How should kids behave?
After a child stole the limelight from Pope Francis at an address in the Vatican a few week ago, we asked the nation what they thought were the most essential lessons children should learn in life, behaviors they should show their elders and views on the incident itself.
According to our nationally representative survey of America, the majority (62%) of adults feel that children should learn the value of hard work in order to grow up to become a positive member of society.
Older people are more likely to feel this, with 70% of those aged 55 or over compared with 52% of those aged 18-34.
Other responses that are higher from older people tend to be those around respect for elders and following rules, such as: trust should be earned; the value of money, compassion, the value of following rules. Younger respondent are more inclined to encourage children to be more creative and free, suggesting they should know: when to break rules, to assert their own desires, to be trusting or indeed to feel that children should not learn any lessons to become a positive member of society.
What are the most important lesson(s) you think a child should learn in order to make him/her a postiive member of society when they grow up
The value of hard work continues to be the most important lesson US adults believe a child should learn in order to be successful when they grow up (67%). The value of money remains highly rated (35%) and teamwork climbs up the ranks, chosen by over one in four adults (27%).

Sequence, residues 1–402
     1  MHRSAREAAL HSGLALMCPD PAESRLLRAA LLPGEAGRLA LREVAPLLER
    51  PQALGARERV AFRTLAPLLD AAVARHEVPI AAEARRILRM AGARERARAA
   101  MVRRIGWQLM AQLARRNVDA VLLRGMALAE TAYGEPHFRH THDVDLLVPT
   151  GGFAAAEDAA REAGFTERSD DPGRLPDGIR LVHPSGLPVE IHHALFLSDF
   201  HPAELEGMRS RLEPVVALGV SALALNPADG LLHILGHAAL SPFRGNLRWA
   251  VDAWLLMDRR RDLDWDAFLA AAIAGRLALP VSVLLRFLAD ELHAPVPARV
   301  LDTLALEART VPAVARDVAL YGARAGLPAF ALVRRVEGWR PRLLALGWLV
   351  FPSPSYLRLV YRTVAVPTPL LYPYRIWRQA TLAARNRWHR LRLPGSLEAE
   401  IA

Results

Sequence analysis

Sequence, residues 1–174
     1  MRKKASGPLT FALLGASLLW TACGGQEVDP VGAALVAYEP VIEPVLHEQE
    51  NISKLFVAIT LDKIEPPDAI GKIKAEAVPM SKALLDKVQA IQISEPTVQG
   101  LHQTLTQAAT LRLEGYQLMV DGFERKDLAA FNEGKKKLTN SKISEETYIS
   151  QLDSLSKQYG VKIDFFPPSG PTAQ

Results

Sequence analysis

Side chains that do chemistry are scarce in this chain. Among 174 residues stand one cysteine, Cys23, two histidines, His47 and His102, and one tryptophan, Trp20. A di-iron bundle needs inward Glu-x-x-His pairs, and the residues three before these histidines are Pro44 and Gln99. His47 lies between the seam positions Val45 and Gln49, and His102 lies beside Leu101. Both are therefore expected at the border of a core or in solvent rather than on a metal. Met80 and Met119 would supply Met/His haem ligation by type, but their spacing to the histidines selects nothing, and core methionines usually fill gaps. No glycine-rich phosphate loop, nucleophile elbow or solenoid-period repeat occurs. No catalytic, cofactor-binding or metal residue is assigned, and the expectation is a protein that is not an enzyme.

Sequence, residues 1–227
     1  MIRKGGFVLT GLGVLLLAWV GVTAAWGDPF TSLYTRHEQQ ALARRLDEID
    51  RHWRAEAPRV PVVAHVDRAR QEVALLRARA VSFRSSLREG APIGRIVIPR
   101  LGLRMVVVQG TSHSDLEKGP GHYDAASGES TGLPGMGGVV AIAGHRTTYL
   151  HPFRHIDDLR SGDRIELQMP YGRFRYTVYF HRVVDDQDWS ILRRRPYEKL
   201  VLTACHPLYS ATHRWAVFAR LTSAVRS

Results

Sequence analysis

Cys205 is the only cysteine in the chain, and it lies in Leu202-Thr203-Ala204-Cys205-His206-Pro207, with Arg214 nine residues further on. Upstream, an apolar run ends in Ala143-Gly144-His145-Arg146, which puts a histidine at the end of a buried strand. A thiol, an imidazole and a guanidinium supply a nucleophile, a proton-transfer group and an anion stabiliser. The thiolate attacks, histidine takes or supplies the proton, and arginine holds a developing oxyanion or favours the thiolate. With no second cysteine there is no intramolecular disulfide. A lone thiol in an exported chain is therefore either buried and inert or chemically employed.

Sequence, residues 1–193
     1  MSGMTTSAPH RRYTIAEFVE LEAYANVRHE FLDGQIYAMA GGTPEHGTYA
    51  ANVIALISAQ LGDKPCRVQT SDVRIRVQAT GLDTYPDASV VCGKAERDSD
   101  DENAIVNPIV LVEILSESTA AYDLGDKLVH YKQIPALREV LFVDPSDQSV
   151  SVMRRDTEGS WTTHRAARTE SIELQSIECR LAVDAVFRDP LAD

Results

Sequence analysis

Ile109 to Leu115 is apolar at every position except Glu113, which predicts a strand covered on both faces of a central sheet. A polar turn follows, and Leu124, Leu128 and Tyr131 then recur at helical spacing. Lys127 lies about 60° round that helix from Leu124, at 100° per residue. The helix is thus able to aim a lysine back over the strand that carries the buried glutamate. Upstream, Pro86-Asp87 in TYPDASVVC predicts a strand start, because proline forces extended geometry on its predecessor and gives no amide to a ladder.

What are the most important lesson(s) you think a child should learn in order to make him/her successful when they grow up
Looking at behavior more generally, two in three adults most value respect when they meet or interact with children. This, and politeness (chosen by 57% of adults) are the most chosen options by a way, with around one in four (26%) of adults valuing creativity and obedience. Just one in five (21%) adults value independence.
Again, there are interesting differences here by the age of adult, with older adults more likely to value obedience, politeness and respect, and younger adults placing more value on humor, creativity and generosity.
Which of the following behaviors do you most value in the children you meet or interact with?
Returning to the boy who wandered onto the stage with Pope Francis at a recent Vatican event, the US population were broadly positive about the boy’s behavior. Around half (47%) felt if the Pope was happy with his behavior, they have no right to mind and a further 38% felt the child had done no wrong and was just behaving like a small child.
Just one in ten (10%) described the boy’s behavior as disrespectful and one in twelve (8%) felt the child was behaving badly and should have been disciplined by his family.
The Pope’s reaction? Completely unfazed. The Pope continued as he was and even reached to pat the boy’s head at one point.
Which of the following behaviors do you most value in th chilren you meet or interact with?